The investigation of the formation- and purpose of black matter in anaerobic methane oxidisers and methanogens
Stian Torset – Hector Fellow Antje Boetius
The project investigates the structure, purpose, and mechanisms of origin for amorphous carbon formed by methanogenic and methane-oxidizing archaea. I will use advanced biophysical, computational, and genetic tools to determine the genes, proteins and structures, including the molecular mechanisms involved in the formation of this carbon. Potential applications will be assessed. The project is supervised by Hector Fellow Antje Boetius.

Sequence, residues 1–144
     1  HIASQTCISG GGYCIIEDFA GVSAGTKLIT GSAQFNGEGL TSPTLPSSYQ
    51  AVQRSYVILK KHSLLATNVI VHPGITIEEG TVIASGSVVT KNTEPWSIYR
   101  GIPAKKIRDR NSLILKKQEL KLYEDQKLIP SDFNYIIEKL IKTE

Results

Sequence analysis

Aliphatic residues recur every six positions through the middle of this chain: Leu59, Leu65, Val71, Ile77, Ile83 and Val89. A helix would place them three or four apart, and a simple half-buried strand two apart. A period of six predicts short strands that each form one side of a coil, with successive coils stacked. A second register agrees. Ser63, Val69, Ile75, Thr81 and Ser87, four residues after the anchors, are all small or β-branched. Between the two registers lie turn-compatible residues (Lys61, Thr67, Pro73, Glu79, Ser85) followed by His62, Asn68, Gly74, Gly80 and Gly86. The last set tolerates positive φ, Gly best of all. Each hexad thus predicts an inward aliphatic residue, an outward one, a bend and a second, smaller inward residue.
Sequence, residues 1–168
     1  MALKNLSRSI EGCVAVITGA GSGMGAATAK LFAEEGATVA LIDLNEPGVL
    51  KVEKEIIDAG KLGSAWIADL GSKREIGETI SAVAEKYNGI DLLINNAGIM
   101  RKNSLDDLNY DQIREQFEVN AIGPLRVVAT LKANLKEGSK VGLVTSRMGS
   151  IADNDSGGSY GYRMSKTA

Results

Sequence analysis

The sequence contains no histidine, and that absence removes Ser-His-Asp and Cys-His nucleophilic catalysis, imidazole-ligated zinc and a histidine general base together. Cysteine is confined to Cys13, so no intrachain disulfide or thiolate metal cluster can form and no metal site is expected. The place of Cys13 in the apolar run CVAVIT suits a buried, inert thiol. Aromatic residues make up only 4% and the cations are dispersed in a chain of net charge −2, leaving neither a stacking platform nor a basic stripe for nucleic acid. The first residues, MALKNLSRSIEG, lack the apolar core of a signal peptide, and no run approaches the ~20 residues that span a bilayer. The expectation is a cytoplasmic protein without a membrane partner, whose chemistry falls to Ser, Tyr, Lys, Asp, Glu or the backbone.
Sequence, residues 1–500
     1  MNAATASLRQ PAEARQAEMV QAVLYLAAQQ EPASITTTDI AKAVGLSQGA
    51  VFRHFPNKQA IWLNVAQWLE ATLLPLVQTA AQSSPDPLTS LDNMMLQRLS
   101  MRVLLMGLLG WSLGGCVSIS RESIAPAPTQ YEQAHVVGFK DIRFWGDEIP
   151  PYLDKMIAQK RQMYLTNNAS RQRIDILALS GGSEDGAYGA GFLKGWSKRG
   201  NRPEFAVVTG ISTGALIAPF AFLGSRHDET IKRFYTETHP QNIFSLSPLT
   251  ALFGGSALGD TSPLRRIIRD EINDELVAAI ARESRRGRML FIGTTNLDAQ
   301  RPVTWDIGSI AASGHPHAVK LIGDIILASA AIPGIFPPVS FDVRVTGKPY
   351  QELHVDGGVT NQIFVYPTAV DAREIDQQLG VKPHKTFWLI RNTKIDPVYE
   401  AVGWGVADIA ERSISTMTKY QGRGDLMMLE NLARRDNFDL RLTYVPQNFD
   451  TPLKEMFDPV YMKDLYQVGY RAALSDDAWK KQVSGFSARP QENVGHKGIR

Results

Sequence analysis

The project investigates the formation of amorphous carbon by archaea. So far this carbon has been identified in select methanogenic and methane-oxidizing archaea, yet the role of this carbon and molecular mechanisms underlying its formation are completely unknown. In the first phase of my PhD project, I will study the distribution of these carbon species in different archaea, and will employ biophysical methods such as high-resolution microscopy to determine its chemical and physical nature. Understanding these characteristics will be crucial to identify best target organisms to characterize this novel metabolic product. I will use molecular approaches to study the mechanisms underlying the formation of this carbon. Metatranscriptomics will help to identify target genes potentially coding for enzymes involved in the formation of amorphous carbon. Based on such a target list I will use gene-editing tools such as CRISPR-Cas 9 to narrow down an involvement of encoded candidate enzymes in amorphous carbon formation. Structural analyses of such enzymes and biochemical experiments will help to resolve functioning of such enzymes. In addition, I will join ship-based expedition to gas-rich cold seeps such as found in the Black Sea to investigate the environmental role of microbially produced amorphous carbon. The project is supervised by Hector Fellow Antje Boetius.